The University of Louisville women’s basketball team survived a quarterfinal scare on Friday night in Greensboro North Carolina by holding on to defeat UNC 77-75 in OT.  It truly was a game of runs that resembled a prize fight, and when the final bell rang the Cardinals were the ones left standing.  They advance to take on the Florida State Seminoles in the semi-finals of the ACC tournament Saturday at 2:30.

The game showed that it would be a hotly contested one early on.  Although the Cards got out to an early 8 point lead, the Tar Heels continued to fight and at the half, the Cards were up by the slimmest of margins at 31-30.

In the second half, the runs would continue.  UNC enjoyed a 16-2’run midway through the second half to stretch their lead to 10, but the Cards responded with a 13-2 run of their own and took the lead late in the game.  Sars Hammond scored the last seven points in regulation for the Cards and had secured a 66-63 lead with 7.4 seconds remaining in regulation.  However, UNC in bounded the ball and freshman Jamie Cherry hit a shot from roughly 30 feet out as time expired to send the game into overtime.

In the extra period, the Cardinals would get to the foul line repeatedly and held off another late rally by the Tar Heels.  Up two with less than a minute to go, UNC settled for a three point attempt from the conrner that didn’t connect.  The Cards held on for one last scare as Cherry fired another running three point attempt at the buzzer, but this one sailed wide left and COach Walz’s team escaped with the win.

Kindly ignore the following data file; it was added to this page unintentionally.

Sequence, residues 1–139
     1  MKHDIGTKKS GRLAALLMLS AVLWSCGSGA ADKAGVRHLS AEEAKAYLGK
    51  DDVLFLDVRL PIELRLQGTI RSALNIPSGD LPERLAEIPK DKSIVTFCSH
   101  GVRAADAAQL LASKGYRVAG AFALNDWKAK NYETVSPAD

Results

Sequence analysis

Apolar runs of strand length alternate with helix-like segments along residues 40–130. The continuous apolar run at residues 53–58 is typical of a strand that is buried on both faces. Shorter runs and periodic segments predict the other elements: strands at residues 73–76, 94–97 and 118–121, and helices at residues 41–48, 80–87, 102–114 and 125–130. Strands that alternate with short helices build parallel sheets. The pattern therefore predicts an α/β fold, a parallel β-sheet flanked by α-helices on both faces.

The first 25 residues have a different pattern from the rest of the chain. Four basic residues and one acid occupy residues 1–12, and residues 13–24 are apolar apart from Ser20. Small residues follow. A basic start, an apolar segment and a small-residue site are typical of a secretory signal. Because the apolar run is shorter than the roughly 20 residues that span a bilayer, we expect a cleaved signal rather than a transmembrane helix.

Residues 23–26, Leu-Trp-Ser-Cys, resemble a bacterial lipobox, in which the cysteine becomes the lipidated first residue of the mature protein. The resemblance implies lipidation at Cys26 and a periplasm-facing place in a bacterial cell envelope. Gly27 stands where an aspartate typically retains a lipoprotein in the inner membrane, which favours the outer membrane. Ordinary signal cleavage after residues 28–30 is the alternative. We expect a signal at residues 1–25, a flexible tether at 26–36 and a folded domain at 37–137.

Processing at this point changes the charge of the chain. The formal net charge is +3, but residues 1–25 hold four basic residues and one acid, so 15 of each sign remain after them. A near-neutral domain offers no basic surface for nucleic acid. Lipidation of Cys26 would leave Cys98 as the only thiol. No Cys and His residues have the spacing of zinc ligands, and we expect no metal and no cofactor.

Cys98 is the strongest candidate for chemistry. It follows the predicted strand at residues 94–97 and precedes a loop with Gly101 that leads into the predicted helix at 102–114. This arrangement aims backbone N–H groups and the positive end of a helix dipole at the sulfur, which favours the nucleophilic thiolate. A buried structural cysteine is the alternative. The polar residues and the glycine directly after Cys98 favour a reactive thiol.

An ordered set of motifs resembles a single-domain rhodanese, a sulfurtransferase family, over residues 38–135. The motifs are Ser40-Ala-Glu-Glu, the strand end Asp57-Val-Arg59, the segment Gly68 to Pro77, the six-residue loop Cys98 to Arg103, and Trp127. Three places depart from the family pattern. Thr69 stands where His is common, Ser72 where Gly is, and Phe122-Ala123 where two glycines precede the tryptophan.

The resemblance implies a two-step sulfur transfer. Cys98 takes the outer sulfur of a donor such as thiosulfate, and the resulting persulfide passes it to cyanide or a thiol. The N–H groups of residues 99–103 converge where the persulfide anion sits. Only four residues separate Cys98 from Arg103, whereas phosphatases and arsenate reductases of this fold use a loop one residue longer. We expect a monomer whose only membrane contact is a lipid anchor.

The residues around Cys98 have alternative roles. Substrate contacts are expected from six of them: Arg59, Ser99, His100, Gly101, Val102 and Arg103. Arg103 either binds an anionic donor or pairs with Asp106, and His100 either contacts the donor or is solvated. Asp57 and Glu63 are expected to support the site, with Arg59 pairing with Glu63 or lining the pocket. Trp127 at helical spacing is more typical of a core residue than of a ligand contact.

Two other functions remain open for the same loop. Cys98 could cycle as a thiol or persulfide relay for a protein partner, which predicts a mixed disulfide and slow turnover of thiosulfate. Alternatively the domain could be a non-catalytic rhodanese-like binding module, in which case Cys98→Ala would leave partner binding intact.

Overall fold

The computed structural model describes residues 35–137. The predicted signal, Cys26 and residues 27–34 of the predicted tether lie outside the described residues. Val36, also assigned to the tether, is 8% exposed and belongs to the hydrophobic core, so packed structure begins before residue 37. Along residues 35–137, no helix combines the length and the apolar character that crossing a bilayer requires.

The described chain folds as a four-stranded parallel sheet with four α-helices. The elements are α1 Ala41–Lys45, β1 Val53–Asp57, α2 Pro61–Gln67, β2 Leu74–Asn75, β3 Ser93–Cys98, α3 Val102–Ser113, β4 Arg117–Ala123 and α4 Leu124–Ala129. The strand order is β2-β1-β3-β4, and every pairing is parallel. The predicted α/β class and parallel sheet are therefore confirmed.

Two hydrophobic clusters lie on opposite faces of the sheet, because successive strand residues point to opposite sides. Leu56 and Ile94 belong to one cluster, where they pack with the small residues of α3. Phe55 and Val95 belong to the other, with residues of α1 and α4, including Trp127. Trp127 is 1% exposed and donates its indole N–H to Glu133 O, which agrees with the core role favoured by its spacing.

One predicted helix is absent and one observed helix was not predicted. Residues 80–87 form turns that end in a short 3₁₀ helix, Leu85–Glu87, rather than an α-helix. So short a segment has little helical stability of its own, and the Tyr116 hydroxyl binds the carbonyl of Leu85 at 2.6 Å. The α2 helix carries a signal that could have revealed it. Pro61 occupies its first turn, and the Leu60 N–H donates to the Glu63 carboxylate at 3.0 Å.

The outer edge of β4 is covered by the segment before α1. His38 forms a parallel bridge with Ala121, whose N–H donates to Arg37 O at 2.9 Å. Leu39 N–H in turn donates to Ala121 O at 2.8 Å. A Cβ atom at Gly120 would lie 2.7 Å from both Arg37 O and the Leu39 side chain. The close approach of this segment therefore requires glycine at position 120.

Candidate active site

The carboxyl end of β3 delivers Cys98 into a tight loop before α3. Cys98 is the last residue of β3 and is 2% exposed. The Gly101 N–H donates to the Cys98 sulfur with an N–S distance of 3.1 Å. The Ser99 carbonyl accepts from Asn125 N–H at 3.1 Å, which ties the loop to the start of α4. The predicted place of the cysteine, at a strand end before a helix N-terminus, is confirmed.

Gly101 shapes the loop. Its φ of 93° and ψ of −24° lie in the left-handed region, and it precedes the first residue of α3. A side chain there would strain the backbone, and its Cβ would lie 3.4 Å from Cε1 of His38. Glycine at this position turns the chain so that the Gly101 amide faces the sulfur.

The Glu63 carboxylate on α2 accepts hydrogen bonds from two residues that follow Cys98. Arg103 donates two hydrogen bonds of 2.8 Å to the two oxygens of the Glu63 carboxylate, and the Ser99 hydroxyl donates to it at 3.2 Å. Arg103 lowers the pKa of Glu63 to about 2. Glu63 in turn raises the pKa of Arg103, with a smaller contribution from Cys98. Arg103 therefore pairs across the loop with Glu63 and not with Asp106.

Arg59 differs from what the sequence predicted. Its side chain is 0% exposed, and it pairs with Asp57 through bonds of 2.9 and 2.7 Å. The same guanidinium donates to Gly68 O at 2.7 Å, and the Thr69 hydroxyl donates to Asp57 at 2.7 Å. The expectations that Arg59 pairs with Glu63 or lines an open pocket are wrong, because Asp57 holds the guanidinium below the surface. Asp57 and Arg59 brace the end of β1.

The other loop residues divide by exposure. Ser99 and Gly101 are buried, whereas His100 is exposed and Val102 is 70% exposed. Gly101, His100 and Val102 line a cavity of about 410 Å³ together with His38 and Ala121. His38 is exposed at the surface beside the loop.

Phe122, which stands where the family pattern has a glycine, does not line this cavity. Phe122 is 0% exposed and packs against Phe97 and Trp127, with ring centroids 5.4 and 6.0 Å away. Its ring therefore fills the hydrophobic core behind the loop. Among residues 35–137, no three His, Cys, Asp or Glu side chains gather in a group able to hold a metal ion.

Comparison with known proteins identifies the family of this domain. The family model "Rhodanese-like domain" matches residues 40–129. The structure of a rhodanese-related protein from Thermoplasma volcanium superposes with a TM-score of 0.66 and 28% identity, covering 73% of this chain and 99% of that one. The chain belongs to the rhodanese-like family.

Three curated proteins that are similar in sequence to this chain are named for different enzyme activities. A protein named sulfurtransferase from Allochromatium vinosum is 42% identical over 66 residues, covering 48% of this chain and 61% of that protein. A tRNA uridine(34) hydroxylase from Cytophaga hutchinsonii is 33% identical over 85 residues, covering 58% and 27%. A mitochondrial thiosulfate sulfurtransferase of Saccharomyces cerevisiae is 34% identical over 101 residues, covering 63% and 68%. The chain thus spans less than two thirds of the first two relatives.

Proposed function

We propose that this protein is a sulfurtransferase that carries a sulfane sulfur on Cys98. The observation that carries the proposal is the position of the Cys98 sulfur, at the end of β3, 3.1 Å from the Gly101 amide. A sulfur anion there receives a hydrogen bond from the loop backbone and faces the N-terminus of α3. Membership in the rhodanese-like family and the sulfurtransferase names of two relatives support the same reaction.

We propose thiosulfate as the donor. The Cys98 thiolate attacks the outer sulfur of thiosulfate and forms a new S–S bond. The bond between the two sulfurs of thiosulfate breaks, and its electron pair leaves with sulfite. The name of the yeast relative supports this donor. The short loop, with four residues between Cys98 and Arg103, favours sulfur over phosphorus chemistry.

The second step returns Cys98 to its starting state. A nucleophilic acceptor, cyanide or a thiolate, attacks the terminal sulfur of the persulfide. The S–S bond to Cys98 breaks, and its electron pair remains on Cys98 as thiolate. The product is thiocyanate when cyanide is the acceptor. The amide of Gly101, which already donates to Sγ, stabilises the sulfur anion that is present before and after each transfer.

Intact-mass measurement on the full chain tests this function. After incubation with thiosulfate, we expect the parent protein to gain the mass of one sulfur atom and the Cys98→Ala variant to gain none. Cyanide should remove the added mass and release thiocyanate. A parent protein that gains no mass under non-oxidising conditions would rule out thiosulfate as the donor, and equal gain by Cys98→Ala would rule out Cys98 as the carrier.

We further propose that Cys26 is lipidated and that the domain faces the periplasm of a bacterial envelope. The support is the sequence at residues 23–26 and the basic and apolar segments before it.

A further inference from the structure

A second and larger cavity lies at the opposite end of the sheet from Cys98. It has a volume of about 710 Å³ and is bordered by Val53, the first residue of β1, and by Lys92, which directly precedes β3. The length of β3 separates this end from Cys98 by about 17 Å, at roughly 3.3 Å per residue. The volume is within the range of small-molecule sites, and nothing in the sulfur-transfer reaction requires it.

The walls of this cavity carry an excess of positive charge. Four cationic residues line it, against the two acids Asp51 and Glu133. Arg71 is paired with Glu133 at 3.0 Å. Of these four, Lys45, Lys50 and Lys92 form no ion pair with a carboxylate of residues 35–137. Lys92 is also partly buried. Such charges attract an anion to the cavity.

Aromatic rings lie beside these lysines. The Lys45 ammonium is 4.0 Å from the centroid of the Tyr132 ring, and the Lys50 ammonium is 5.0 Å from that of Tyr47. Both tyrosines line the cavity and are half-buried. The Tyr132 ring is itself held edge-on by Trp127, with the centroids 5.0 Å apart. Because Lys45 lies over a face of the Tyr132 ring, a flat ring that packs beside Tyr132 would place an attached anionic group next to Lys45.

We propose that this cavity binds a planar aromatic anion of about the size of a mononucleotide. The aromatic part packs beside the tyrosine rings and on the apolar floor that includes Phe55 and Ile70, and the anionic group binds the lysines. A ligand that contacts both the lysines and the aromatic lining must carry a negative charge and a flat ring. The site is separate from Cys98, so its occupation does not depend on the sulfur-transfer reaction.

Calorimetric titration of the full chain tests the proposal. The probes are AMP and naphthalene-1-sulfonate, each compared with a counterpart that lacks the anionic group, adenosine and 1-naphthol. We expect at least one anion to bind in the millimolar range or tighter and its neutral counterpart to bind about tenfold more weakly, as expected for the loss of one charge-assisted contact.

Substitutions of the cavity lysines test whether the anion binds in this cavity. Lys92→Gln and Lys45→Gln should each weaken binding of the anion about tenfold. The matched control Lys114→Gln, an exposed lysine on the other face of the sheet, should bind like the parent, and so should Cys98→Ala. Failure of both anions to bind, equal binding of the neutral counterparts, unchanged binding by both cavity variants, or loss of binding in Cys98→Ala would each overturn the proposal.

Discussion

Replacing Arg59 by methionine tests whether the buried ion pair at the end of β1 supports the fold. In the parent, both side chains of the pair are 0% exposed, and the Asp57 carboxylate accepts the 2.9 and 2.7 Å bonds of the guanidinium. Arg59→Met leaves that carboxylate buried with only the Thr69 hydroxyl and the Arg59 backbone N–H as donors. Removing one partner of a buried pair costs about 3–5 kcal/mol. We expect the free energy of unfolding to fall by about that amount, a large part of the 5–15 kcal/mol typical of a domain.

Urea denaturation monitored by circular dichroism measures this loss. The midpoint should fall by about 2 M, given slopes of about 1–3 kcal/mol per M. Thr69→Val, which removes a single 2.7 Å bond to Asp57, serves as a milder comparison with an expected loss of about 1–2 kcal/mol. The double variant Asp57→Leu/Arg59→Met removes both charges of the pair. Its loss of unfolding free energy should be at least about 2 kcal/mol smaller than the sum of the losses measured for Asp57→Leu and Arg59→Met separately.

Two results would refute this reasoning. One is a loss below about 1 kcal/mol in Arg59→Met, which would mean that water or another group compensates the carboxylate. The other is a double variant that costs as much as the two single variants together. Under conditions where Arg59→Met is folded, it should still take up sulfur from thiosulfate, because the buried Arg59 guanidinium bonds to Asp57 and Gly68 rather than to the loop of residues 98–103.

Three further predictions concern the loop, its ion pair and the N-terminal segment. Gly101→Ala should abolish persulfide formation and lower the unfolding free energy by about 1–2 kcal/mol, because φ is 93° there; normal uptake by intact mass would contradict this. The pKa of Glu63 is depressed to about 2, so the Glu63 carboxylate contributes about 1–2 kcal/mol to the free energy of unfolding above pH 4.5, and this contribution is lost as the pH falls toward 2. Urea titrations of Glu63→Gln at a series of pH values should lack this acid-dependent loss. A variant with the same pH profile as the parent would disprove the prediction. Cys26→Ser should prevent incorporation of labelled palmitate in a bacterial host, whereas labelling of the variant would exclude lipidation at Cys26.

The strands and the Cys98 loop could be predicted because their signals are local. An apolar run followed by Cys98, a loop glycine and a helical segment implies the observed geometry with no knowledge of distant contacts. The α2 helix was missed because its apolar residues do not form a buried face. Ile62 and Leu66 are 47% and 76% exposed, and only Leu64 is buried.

Saturday’s game will be a re-match of the contest played earlier in the season in Tallahassee won by the Seminoles.  FSU  comes in with a record of 28-3, ranked 7th in the nation.  The winner will advance to Sunday’s final against the winner of Duke and Notre Dame.


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Keith Poynter

Keith Poynter graduated from the Louis D. Brandeis School of Law in May of 2011. While in law school, Keith studied Sports Law as well as other core curriculum. Prior to becoming an attorney, Keith worked in the insurance industry for 6 years, and was a police officer in both Kentucky and Tennessee for 6 years. As an avid sports fan, former basketball official and current youth sports coach, Keith is heavily involved in sports when not at work or with his family at the lake. Keith's diverse background makes him an excellent source for legal opinion about issues surrounding the sporting world. Whether the matter be criminal or contractual, Keith's unique experience and education allows him to offer insight that may be missed by the casual fan. Keith is available for commentary on any legal issues that may arise in the Kentuckiana area and will routinely post articles concerning local and national sports law topics.

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